Good casting practice: avoiding conflicts

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Over on Facesuck, @NickPitt has raised a good question about casting: every responsible theatre-style GM now asks “is there anyone you don’t want to roleplay with” (or some equivalent) in their casting quiz. But almost nobody tells the players who is in the game when they’re asking this question. Meaning there’s both a danger of under-sharing - not telling the GM about a problem because you don’t think it’ll pop up - and of over-sharing: giving the GM a complete list and flooding them with irrelevant information.

The obvious solution is to let the players know who is playing. This works for cons, where players are assigned before casting begins, but it obviously doesn’t work for one-offs, which usually use a combined signup/casting quiz. It also doesn’t work so well where there are late signups: people might not inform the GM of a conflict with someone because they weren’t on the player list, then have problems emerge when they sign up late and are cast to interact with them.

In terms of how to do this, remember that posting player lists publicly without consent violates people’s privacy. Use an email, or (if its going to be updated) a link-shared google doc. Telling the players who is going to be in the game isn’t telling them anything that they’re not going to find out anyway, so you’re on solid privacy ground, but you should generally tell people you’re doing it anyway just to be on the safe side. Make sure your casting form includes a privacy statement, and make sure it says something like “your information may be shared with other players for game purposes”.

Any other suggestions?

Group dynamics and relationship trouble

Also while we’re on this: while every GM asks this question, it covers a huge range of possibilities, e.g.

  • “this person is a safety risk and I do not want to be exposed to them”
  • “I don’t get along with this person and I would rather not interact with them”
  • “this person’s roleplaying style is incompatible with mine / they are dead wood and will kill all my plots”.
  • (A subset of the above) “I can’t do romance / other specified plot type with this person”

Usually all the GM gets is a name, which can make it difficult to assess which end of that scale a casting conflict is at. Players might want to consider giving a bit more than a name in some cases e.g. if someone is a safety risk, then most GMs want to know this so they can throw them out, because no-one wants that sort of person around. Likewise specific plot-types, because that’s the easiest thing to cast around (you might not be able to do a romance plot with someone, but they can totally be your obnoxious sibling).

As a GM, my primary interests in preventing casting conflicts are running a safe game and making the game work. If plots don’t trigger because players can’t stand the sight of each other, that’s less fun for everyone. At the same time, in small games, or when three or more people name the same person, it can be difficult or impossible to avoid clashes, and people will just have to cope.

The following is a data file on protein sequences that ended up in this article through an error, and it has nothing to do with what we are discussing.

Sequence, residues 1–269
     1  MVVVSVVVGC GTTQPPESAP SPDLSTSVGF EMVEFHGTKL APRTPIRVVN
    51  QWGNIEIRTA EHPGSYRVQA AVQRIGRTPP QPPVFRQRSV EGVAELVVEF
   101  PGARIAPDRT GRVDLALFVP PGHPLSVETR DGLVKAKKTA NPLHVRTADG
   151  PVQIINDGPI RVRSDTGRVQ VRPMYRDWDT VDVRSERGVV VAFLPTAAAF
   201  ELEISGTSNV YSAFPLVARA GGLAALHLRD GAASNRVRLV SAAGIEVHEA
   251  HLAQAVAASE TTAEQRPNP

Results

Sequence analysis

I deliberately don’t post player lists prior to the casting quiz, because I really want to limit the “is there anyone you don’t want to roleplay with” question to cases where there is a serious issue. Publishing a player list encourages people to name people they find slightly irritating or boring, and casting quickly becomes unmanageable if everyone has a huge blacklist.

However, as a GM I am also happy to talk to people via email if they have questions, so if knowing the cast list is an issue, you could always try asking the GM


I think its helpful to know who is playing for genuine cases where you’d prefer not to name/explain unless you absolutely have to.

But I also think we need to be clear that the question is asked to catch cases where you’d rather not play than be in a game near that person - or that person in that role - and not as a general non-specific preference thing. Every name on the list can become a genuine casting problem, so it isn’t a power that should be used lightly.


I think if you’re going to ask “Who don’t you want to roleplay with”, you need to know who else is in your game. Naming someone who isn’t even in the game isn’t helping anyone.

In order to avoid @Catnip’s problem, perhaps changing the question to “Who can’t you roleplay with” would be a better, more focused question. I’d be relatively surprised if people listed huge numbers of people on these forms, but maybe it happens more often than I’ve experienced.


Do we actually need to ask the question at all? Most questionnaires have some variation on the “Is there anything else?” box that people can use for specific requests of any nature, without setting expectations that every player gets a veto on who they interact with.


Could not ask the question of who you don’t want to roleplay with at all and leave it to the other comments box at the end. If it is a serious concern then they will take the effort to mention it in there. GM’s have so much to worry about already, I like solutions that doesn’t increase their workload further.